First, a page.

The Fisheries sector in Kasese District is head by Mr. Bwambale K. Erisania, the Principle Fisheries officer. Contacts +256 777292959  Email: 

The Fisheries in Kasese District comprises of the capture fisheries (from Lakes George and Edward plus Kazinga channel); Aquaculture or fish farming using fish ponds and tanks; fish marketing with the market at the boarder between Uganda and DRC at Mpondwe being the main one.

Under Capture Fisheries, Kasese has  six (6) gazetted landing sites of Kahendero, Hamukungu and Kasenyi on Lake George; Katunguru on Kazinga channel; Katwe and Kayanja on Lake Edward. The major commercial species captured from these water bodies are Tilapia (Erihere/Engege) and Bagrus docmac (Omukolho/Ssemutundu). The other species commonly captured are Clarias Spp (Eyisombi/Emale); Protopterus aethiopicus (Mamba/Ehondwe); Barbus Spp (Enzunguli/Enjunguli), Momorys spp, Labeo spp and Haplochomis spp.

The District was able to harvest about 2,652,638 kg of fish during 2022/2023 Financial year which fetched about 13,471,875,645 Uganda shillings for the fishing communities.

Core functions of the fisheries sector 

  • Managing and regulating the fisheries resources within Kasese to ensure sustainable fishing practices and conservation of the aquatic ecosystem.
  1. Enforcing fisheries laws and regulations, conducting inspections, and taking action against illegal fishing activities in conjunction with relevant stakeholders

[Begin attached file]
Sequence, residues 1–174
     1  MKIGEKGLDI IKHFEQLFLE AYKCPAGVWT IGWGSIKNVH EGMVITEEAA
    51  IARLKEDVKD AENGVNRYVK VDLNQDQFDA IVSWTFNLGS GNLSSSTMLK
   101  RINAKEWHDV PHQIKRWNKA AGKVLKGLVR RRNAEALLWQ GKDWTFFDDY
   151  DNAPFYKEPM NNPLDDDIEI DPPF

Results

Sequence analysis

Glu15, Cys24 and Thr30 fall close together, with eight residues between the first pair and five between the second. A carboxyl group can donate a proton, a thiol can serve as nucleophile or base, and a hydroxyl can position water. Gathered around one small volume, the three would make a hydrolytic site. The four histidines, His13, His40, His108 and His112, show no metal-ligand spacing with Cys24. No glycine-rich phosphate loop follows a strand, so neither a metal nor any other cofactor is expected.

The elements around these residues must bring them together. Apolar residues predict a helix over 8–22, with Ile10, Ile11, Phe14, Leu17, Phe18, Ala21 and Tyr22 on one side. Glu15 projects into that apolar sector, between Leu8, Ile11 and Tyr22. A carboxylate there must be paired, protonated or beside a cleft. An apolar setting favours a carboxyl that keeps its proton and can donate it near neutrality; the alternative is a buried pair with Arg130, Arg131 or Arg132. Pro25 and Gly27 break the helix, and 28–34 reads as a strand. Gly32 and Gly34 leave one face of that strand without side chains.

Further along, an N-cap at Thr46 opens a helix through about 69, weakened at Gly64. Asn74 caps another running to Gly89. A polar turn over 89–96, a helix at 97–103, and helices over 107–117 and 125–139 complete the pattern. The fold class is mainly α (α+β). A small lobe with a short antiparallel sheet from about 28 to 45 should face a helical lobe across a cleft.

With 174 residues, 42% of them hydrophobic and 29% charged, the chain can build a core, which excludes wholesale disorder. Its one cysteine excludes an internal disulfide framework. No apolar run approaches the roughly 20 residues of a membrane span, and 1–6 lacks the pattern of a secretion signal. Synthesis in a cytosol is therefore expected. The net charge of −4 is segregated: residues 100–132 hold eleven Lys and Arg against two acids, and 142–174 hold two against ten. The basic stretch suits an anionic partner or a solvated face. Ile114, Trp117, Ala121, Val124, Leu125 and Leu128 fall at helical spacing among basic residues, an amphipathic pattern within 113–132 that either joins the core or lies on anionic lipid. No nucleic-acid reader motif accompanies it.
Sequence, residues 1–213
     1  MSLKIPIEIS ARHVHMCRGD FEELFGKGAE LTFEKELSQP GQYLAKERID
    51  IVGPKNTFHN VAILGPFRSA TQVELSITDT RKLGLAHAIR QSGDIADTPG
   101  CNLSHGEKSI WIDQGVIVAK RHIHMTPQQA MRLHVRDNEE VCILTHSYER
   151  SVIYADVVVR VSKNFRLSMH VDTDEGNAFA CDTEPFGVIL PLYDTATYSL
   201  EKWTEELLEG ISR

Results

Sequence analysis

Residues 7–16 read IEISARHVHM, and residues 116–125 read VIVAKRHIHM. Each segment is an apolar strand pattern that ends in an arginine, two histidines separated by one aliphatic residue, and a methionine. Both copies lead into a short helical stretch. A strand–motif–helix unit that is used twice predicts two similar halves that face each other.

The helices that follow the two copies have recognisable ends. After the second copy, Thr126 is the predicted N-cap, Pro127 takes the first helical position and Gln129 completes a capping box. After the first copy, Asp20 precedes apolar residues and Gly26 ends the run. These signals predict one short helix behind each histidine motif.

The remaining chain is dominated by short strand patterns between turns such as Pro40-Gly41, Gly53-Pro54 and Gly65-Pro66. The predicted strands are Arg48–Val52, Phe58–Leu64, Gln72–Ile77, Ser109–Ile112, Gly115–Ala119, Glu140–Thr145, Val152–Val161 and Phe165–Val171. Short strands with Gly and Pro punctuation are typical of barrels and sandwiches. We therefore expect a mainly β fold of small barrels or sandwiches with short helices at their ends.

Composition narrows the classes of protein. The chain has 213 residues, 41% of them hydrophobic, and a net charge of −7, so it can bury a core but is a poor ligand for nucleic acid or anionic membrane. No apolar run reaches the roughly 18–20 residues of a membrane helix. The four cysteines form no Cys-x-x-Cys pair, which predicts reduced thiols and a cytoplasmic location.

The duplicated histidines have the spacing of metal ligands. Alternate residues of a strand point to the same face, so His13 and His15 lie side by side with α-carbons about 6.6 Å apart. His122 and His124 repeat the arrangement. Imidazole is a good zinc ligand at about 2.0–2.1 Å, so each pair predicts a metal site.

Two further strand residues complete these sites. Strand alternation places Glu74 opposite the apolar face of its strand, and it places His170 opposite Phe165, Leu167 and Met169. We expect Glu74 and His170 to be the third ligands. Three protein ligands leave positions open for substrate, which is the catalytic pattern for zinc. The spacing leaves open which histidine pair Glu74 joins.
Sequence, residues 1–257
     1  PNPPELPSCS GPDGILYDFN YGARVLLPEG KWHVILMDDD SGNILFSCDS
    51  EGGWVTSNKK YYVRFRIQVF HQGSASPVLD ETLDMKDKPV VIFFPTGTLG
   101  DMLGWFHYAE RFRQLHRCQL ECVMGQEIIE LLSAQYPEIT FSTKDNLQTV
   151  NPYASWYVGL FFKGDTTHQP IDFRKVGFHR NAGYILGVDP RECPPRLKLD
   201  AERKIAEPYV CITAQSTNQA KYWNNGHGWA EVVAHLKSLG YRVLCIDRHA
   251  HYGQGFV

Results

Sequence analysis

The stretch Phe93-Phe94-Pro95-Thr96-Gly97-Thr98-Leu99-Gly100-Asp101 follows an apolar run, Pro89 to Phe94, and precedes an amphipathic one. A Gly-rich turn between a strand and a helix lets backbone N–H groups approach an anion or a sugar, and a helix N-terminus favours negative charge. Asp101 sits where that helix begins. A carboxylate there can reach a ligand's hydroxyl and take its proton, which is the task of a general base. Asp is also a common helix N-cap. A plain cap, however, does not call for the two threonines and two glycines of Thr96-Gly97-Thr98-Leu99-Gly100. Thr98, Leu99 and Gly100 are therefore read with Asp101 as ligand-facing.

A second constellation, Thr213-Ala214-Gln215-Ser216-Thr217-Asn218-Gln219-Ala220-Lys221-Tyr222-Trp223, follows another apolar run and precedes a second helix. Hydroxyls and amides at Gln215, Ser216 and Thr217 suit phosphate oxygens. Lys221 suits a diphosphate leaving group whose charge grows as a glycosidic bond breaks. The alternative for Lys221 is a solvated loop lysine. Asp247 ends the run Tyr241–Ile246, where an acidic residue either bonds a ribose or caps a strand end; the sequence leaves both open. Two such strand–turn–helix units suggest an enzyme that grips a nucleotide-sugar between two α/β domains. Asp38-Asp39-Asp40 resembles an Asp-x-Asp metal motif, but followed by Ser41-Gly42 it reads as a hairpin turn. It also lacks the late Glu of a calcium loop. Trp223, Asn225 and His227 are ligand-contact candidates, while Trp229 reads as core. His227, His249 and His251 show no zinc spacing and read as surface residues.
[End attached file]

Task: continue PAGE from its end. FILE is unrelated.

• Promoting and supporting aquaculture development initiatives within the district to increase fish production
  1. Providing training and extension services to local fishermen and fish farmers on sustainable fishing and improved aquaculture practices
  2. Engaging in research and development activities to improve fisheries management and increase fish production.
  3. Collaborating with other government agencies, NGOs, and community groups to address fisheries-related challenges and promote local economic development
  • Issuing fishing licenses and permits to local fishermen and fishing businesses, and ensuring compliance with fishing regulations
  • Collecting data on fish catch statistics, and environmental conditions in local water bodies to support informed decision-making






The figures C,D,E and F , pond fish handing at the pond site  is still a challenge that needs to be addressed, no formal criteria is used in marketing of fish. Fish prices are determined by mere estimation which leads to farmers being cheated. This method of marketing leads to very law output from pond farming enterprises.


Figure: F, above. Fish handling at the pond sites.  Many farmers are not conversant with some fish processing techniques like smoking and salting. Therefore once fish is harvested in bulk, its sold at a loss (cheap prices) at the pond site due to fear of spoilage. In most cases the price is determined by the buyers and the farmer has no power to bargain. This therefore calls for the need to train farmers in simple fish processing technologies vis’a vis smoking and salting as well as providing infrastructure for the same processing methods to some selected firms.